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Monday, January 24, 2011

Caffe Pascucci: A Cure for San Francisco's Italophilia?

Posted By on Mon, Jan 24, 2011 at 5:27 PM

click to enlarge Caffe Pascucci's pistachio cappucino.
  • Caffe Pascucci's pistachio cappucino.

Devoted Italophiles, San Franciscans tend to think of Italy in its most pastoral guise, a country filled with artisans passionately crafting humble, exquisite food that sings with innate simplicity and good taste. Our idealization doesn't just apply to pasta, wine, and leather goods, but coffee, too. We wouldn't have grande lattes and the U.S. Barista Championships if it weren't for the 1980s' obsession with Italian espresso bars.

But there's another side to Italy, and it's the side reflected in Caffe Pascucci, the first American branch of an Italian coffee chain. Think Pucci. Or Versace. White padded walls striped with mirrors, glossy red accents, white leather seats shaped like the caps from toothpaste tubes ― it's about the least rustic place in San Francisco.

Think Donatella Versace. In cappuccino form.
  • Think Donatella Versace. In cappuccino form.

I've been to the coffee place three times since it opened a few weeks back ―

it's two blocks away from the office. While the staff are uniformly sweet, the baroque coffee drinks have left me gobsmacked.

Pascucci's yogurt cappucino, a shot of espresso topped

with some tart yogurt and a poof of whipped cream, set off my aesthetic allergies. Hazelnut hot

chocolate tasted like grainy liquid pudding. An Americano was twice as watery as anything I've bought in a 7-Eleven. The

best of the lot: the gray-green "ciaobello pistachio" pictured above. It tasted

faintly of both pistachios and coffee and was crowned with three inches

of whipped cream and macadamia nuts.

pascucci_panino.jpg
Chad Newton, former chef of Fish and Farm, is credited for helping the San Francisco branch design its sandwiches, and they do indeed seem to be made with sustainable ingredients. Granted, it's early days, but the line-caught tuna salad sandwich ($7.95) was made with focaccia so fluffy and dry I had to wet my mouth with spoonfuls of whipped cream in order to swallow. And a "local artisanal cheese" panino with caramelized onions and fig jam was pressed into a greasy, oozy, one-half-inch-thick slab.

Is the gaudiness a direct import from Italy or a misread of American tastes? Hard to tell. Any American wracked with collective shame over Starbucks' new trenta-sized iced coffees should visit Pascucci and order a caffe dei bimbi: a shot of espresso, two inches of whipped cream, and a shower of M&Ms.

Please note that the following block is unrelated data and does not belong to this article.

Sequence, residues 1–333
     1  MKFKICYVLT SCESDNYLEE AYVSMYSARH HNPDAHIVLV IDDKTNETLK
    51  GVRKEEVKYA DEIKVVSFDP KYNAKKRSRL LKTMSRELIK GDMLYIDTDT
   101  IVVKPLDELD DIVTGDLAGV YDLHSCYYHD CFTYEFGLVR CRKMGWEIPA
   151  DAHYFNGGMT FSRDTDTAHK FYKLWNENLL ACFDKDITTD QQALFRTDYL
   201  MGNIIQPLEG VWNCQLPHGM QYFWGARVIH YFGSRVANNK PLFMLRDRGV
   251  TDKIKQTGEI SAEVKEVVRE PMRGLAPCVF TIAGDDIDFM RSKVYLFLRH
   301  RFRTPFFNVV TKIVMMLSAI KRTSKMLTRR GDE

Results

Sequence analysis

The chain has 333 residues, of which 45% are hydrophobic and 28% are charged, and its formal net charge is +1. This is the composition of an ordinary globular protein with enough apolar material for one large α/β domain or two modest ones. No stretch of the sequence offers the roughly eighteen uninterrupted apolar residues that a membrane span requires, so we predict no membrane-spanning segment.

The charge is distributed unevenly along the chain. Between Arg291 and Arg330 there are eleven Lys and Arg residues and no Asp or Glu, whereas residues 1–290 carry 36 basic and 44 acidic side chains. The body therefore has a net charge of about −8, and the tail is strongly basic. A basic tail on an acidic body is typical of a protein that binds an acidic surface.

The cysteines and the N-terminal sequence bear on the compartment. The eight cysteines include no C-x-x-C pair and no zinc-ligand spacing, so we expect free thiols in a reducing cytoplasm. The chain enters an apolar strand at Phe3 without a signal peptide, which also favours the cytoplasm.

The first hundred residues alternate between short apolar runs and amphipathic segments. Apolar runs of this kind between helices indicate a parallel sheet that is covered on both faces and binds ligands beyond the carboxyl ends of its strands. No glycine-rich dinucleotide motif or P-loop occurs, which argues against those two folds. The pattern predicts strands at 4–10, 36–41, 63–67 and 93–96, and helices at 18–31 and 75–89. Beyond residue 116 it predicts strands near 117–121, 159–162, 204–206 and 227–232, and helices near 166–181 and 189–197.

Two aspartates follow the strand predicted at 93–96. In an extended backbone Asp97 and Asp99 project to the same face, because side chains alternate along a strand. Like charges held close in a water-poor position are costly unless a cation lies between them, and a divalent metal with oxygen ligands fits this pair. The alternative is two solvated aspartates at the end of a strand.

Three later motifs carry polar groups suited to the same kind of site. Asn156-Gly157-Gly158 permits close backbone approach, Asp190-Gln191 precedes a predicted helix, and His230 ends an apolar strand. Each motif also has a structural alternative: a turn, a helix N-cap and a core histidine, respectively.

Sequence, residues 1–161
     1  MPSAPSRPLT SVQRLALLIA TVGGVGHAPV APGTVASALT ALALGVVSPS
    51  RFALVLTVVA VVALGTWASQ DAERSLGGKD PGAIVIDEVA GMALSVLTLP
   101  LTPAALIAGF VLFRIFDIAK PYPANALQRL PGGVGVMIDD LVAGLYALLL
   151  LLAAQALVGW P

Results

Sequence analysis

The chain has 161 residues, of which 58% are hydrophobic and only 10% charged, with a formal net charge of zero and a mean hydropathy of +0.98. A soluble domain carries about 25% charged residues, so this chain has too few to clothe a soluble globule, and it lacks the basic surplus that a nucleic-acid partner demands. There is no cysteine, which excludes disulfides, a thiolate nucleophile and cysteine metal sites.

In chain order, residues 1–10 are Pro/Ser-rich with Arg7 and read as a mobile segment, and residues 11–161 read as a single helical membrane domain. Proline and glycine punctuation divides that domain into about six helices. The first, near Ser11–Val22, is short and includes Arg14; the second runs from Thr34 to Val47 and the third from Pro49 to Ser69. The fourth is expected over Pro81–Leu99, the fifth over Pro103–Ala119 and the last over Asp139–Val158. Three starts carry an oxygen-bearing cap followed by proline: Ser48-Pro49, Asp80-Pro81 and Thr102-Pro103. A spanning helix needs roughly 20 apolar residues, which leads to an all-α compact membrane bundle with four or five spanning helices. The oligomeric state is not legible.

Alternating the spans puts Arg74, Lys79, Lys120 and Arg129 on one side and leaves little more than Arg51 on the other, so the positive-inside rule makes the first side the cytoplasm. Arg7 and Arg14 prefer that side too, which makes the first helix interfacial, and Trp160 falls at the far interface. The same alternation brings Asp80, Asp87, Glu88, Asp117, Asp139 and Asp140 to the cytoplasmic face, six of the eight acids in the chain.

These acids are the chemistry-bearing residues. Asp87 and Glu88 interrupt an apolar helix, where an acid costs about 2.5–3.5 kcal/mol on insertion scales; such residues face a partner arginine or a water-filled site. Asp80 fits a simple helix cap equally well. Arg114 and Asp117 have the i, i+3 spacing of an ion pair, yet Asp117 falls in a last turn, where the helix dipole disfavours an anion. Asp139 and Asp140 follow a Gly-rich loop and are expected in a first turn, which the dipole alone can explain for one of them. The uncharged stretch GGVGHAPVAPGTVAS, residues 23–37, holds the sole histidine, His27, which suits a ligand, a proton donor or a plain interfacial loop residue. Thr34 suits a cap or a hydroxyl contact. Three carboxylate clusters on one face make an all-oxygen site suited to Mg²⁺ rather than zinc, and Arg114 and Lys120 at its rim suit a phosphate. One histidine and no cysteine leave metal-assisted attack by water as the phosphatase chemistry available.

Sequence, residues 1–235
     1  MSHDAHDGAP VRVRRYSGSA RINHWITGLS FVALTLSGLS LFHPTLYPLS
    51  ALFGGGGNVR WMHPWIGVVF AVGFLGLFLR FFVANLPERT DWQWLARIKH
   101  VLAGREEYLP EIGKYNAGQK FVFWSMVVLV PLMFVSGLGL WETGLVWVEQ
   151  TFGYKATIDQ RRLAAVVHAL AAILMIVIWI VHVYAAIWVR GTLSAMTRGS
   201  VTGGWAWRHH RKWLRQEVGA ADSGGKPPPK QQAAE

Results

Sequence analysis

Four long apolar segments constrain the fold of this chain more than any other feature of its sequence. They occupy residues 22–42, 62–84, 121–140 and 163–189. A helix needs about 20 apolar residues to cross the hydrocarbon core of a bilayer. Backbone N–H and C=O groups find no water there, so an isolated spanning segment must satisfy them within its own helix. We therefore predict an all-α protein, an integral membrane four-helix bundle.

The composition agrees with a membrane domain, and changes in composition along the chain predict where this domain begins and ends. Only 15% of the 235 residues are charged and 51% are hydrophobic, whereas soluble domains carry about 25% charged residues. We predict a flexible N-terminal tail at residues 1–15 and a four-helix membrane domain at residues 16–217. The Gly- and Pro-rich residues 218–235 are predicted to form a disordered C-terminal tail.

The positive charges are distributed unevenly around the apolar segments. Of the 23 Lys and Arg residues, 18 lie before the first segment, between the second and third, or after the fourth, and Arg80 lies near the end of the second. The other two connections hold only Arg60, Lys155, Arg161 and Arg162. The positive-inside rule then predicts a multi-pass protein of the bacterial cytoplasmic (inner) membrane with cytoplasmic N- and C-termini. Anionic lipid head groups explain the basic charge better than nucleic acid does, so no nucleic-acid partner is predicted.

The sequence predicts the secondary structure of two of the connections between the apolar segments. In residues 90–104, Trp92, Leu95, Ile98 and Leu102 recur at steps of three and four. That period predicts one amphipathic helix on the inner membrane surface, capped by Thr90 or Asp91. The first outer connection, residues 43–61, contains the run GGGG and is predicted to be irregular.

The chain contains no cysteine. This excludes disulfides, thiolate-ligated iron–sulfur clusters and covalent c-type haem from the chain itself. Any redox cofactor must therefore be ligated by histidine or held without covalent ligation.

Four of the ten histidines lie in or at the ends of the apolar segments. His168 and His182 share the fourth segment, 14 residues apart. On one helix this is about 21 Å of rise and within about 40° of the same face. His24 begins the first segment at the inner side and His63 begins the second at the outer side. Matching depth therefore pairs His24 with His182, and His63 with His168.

Caffe Pascucci: 170 King (at Third), 957-1100.

Update, Jan. 26: Caffe Pascucci's Michael Balyasny responds:
 
"Jonathan;
 
I'm one of the owners of Caffe Pascucci and wanted to write a quick email about your story. I appreciate your honesty, and in fact, I agree with some of the things you wrote. Pascucci is indeed very different from any other coffee shop in the Bay Area. It certainly doesn't fit the mold of places like Four Barrel, Ritual and Blue Bottle (I'm listing spots that roast their own coffee). It's the polar opposite of the rustic, earthy cafe that defines SF's coffee culture.



We didn't see the sense in creating another Ritual knock-off; there are enough spots like that in the Bay Area. We wanted to bring something completely different and knew in advance that many coffee purists would probably be turned off by the idea of a pistachio cappuccino, and that's OK. We never wanted to build a coffeehouse for "everyone," because those kind of places already exist (Starbucks, Coffee Bean & Tea Leaf, Caribou, and to some extent Peet's). Being "middle of the road" doesn't make sense, and copying Four Barrel doesn't either. Just like there are detractors of places like Blue Bottle, there are certainly going to be people who dislike Pascucci.



Our intention is to introduce SF to a different coffee philosophy, founded on exceptional execution of Italian classics (Espresso, Cappuccino) and a menu of creative dessert coffee drinks that no one else offers. There's nothing inherently wrong with getting creative with coffee drinks, particularly when they're meant to be desserts.

Having said that, we haven't done a good job of communicating what our drinks are all about.

To that end, we're updating our menu boards and printed menus. We're simplifying and improving based on feedback we've received in the first two weeks. The Caffe Dei Bimbi is on its way out as are a few other drinks that simply don't make sense.

As far as comparing us to Donatella Versace and the gaudiness that her fashion house consistently churns out, I think that was a bit misguided. We're certainly going with a different design aesthetic than a place like Philz, but we're definitely not this.

Thanks for taking the time to write about our shop and put it on your readers' radars!



Michael Balyasny"

Follow us on Twitter: @sfoodie. Follow me at @JonKauffman.

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